Tales of the City at A.C.T.: A Fitfully Entertaining Love Letter to Yesteryear's Bohemians and Sodomites
Through July 10 at American Conservatory Theater, 415 Geary (at Mason), S.F. Tickets are $40-$127; call 749-2228 or visit www.act-sf.org.
NOTE: A full-length version of this review will appear in print and online on June 22.
28 Barbary Lane just got a little bit gayer. On May 31, A.C.T. premiered a new musical based on Armistead Maupin's Tales of the City novels, with music and lyrics co-written by Scissor Sisters frontman Jake Shears.
If you're a fan of the books, you'll probably get downright giddy at the sight of Mary Ann Singleton (the radiant Betsy Wolfe) belting out a production number on her first day as a resident of San Francisco, or Michael "Mouse" Tolliver (Wesley Taylor) performing a fully choreographed striptease in the Jockey Shorts Dance Contest. But even the most enthusiastic Maupin partisans should be prepared for a show that is in every respect a very mixed bag.
Some of the musical's weaknesses are weaknesses in the novels, too: Maupin tends to drop enormously likable characters into silly, soapy plots. (We can at least be grateful that Shears and his collaborators, co-composer John Garden and librettist Jeff Whitty, decided to excise the storyline about the cannibalistic cult at Grace Cathedral.)
Other problems arise because of the challenges unique to the musical format. Maupin's novels originated as a column in the Chronicle back in 1976, so the books are episodic by design, with each new development emerging in 800-word increments. That approach transferred just fine to the 1993 miniseries starring Laura Linney (which still holds up pretty well, by the way). But when you introduce musical numbers into a narrative that's choppy to begin with, the momentum flags pretty quickly.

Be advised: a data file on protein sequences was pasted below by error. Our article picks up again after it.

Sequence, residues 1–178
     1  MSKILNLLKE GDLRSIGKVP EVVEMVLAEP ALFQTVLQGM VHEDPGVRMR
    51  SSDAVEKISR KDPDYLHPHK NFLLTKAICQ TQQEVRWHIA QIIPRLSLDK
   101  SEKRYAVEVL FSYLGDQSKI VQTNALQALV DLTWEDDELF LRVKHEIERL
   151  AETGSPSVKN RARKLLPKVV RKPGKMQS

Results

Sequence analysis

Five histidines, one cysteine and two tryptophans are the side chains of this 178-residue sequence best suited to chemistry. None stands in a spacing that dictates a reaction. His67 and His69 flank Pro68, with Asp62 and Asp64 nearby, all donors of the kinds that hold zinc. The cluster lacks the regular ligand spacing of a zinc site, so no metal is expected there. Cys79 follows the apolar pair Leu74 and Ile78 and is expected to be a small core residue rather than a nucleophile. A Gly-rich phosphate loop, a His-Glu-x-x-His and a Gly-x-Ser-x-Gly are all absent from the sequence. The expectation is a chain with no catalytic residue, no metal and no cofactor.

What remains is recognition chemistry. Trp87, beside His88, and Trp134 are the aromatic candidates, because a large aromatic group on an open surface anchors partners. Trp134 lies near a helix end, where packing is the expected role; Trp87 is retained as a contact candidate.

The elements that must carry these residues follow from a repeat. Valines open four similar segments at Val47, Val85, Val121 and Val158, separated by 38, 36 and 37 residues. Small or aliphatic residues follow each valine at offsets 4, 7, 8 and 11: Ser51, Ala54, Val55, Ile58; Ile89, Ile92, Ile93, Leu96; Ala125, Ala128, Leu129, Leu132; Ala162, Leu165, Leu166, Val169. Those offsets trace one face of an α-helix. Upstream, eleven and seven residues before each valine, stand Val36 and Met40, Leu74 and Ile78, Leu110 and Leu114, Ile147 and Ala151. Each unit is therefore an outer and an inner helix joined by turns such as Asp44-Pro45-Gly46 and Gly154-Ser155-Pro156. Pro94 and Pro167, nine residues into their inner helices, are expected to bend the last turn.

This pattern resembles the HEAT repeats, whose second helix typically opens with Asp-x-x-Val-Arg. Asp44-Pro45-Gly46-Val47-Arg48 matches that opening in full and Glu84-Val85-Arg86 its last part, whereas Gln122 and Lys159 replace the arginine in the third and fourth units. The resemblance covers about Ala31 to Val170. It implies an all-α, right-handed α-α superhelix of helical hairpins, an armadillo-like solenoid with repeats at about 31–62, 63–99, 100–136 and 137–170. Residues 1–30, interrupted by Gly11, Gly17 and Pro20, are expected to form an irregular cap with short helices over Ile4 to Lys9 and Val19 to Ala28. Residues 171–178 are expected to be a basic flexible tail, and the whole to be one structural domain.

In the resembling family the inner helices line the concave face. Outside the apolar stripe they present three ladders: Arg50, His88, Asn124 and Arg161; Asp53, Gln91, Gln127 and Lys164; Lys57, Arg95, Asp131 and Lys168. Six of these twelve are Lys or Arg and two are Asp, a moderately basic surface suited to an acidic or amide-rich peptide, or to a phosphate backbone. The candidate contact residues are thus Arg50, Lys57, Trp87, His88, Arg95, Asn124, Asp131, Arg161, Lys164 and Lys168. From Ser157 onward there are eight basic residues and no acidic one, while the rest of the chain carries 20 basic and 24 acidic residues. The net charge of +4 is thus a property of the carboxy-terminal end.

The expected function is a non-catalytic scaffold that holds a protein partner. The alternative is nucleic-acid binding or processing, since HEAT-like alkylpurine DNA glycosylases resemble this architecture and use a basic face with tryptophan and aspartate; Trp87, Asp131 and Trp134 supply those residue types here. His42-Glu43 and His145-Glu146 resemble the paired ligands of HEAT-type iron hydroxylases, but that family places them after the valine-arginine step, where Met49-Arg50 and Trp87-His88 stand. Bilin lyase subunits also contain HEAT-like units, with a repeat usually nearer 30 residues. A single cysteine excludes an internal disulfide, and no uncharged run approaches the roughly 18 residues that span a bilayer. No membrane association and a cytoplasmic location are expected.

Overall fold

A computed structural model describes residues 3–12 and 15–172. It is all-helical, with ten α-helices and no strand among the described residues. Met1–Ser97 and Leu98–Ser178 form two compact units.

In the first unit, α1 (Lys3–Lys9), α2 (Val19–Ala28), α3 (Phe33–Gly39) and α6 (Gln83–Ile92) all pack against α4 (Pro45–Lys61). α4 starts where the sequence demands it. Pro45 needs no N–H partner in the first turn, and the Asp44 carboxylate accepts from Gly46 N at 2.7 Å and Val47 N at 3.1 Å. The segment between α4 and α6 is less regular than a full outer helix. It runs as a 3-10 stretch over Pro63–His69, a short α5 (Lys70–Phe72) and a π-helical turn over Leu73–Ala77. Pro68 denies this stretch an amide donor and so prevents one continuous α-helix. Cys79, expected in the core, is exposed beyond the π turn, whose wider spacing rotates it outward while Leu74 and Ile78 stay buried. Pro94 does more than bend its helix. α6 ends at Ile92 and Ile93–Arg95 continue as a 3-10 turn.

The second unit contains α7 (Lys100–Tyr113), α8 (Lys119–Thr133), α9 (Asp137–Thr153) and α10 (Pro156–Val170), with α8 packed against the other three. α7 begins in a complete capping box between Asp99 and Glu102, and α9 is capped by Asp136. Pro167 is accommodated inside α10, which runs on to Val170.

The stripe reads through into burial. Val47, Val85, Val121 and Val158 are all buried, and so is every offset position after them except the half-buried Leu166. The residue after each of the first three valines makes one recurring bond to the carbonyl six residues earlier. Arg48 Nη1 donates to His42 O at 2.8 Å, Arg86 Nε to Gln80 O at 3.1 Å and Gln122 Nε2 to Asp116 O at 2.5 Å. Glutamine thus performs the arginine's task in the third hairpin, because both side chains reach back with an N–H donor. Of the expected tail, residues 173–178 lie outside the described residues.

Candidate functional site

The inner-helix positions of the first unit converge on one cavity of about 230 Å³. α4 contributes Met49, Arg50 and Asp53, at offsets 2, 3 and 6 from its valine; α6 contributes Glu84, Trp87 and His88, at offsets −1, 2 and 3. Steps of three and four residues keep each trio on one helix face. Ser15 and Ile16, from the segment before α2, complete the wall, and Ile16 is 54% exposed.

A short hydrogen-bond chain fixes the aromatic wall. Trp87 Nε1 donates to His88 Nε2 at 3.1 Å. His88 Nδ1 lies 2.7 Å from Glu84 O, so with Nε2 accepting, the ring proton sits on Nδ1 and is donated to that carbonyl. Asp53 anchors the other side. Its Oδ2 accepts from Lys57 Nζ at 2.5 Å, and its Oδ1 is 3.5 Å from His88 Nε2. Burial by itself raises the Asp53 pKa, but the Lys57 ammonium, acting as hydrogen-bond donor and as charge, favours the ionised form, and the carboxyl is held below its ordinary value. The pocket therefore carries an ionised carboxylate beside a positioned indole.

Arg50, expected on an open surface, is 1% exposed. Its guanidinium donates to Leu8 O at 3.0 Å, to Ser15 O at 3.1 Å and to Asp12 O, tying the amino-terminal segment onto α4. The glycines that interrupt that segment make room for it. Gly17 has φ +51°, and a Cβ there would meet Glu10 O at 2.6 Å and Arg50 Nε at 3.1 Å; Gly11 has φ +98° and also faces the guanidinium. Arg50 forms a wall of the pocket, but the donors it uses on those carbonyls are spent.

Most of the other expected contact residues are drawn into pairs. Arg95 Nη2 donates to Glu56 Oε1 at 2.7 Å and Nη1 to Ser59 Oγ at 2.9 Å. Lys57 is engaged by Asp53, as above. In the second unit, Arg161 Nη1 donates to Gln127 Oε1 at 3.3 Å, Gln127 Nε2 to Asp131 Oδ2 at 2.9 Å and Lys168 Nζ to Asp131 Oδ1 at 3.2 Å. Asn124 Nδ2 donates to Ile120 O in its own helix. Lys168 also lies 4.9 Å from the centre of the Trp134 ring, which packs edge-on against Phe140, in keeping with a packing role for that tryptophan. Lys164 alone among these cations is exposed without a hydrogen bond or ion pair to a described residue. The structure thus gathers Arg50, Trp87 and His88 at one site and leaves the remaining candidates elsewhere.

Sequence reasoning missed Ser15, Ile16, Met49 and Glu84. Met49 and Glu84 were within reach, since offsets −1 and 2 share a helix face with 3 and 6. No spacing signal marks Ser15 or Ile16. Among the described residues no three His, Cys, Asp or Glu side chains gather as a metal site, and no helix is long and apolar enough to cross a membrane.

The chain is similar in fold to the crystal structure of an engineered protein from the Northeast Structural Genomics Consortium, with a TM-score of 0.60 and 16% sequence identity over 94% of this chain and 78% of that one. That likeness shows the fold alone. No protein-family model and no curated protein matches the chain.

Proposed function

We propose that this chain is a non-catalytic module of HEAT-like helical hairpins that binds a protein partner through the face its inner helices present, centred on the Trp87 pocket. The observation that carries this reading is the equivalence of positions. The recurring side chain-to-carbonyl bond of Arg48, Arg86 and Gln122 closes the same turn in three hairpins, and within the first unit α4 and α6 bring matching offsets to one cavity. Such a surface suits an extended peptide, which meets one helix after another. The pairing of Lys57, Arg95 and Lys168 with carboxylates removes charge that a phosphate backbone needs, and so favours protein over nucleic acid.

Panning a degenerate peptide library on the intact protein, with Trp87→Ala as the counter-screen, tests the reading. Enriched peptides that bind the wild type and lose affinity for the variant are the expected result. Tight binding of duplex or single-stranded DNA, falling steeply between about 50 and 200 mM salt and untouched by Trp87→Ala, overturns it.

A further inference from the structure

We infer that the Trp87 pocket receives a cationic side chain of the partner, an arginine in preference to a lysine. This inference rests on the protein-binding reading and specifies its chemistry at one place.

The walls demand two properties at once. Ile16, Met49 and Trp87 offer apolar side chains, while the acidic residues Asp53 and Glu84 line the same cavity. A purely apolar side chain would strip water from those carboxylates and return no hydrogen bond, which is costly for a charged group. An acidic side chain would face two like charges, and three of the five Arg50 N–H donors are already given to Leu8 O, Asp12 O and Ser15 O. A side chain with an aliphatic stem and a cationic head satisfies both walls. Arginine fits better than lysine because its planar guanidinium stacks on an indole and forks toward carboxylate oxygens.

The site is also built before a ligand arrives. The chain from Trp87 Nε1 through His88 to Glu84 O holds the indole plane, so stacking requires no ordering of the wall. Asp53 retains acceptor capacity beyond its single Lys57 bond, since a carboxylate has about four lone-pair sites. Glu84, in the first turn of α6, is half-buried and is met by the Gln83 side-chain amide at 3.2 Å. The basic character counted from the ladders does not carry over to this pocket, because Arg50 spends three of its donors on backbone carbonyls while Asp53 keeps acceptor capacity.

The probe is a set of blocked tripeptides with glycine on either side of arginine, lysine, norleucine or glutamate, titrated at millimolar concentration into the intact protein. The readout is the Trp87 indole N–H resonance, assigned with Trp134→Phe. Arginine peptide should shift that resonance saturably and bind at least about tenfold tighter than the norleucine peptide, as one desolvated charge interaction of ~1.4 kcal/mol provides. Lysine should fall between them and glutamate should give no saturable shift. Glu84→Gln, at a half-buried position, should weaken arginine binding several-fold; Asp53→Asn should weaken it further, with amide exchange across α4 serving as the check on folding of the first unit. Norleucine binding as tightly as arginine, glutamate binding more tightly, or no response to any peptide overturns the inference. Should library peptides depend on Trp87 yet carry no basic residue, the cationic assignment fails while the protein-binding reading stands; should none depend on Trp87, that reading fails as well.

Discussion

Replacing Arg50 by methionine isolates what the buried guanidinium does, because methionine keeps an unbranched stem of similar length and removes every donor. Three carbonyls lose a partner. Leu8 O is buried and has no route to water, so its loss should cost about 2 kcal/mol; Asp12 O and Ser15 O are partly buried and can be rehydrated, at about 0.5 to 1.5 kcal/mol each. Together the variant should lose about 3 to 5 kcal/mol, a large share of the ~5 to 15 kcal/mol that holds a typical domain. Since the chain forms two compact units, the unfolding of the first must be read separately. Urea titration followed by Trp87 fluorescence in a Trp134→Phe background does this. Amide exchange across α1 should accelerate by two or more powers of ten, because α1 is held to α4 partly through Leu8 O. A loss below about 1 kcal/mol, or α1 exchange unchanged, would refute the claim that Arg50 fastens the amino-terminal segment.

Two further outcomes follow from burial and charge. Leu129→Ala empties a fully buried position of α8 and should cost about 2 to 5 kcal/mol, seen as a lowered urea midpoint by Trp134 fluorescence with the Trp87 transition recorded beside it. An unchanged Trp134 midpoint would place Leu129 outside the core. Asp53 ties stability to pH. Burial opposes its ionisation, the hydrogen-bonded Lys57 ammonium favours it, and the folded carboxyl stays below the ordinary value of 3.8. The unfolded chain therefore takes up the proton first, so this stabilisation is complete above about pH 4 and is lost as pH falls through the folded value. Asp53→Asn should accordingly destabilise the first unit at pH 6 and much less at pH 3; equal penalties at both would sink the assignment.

Cutting a few songs would help. Generally speaking, the best numbers play to the known strengths of the composers, who've already built a career on their great affection for '70s pop while demonstrating a gift for playfully smutty lyrics (see "Filthy/Gorgeous"). So when Mona Ramsey (scene-stealer Mary Birdsong) sings a screed about panties ("Crotch"), or when DeDe Halcyon-Day (Kathleen Elizabeth Monteleone) explains that she's expecting illegitimate Chinese twins in "Plus One," or when drag queen Manita Bryant (Josh Walden) opens the second act with a witty call-to-arms called "Defending My Life," the show radiates real joy.
A handful of other numbers succeed in a more traditional vein, like the second-act showstopper "Paper Faces." But the ballads? They don't fare so well, and the character who gets stuck with most of them is everyone's favorite pot-growing landlady, Anna Madrigal (Judy Kaye). In fact, the only ballad that really works is the simplest song in the show -- a sweet ditty called "Dear Mama," in which Michael Tolliver explains to his evangelical mother why he's never going to settle down with a nice girl.
Many of the show's current shortcomings are typical of a musical in its early days: figuring out which songs to keep, which to add, which characters to develop or drop. (While we're on the subject, may I suggest axing the entire subplot about Norman Neal Williams?)
In the meantime, it's a fitfully entertaining love letter to the bohemians and sodomites of yesteryear. If you loved the novels and you're eager to check out the show, go see it already. Just keep your expectations firmly in check, OK?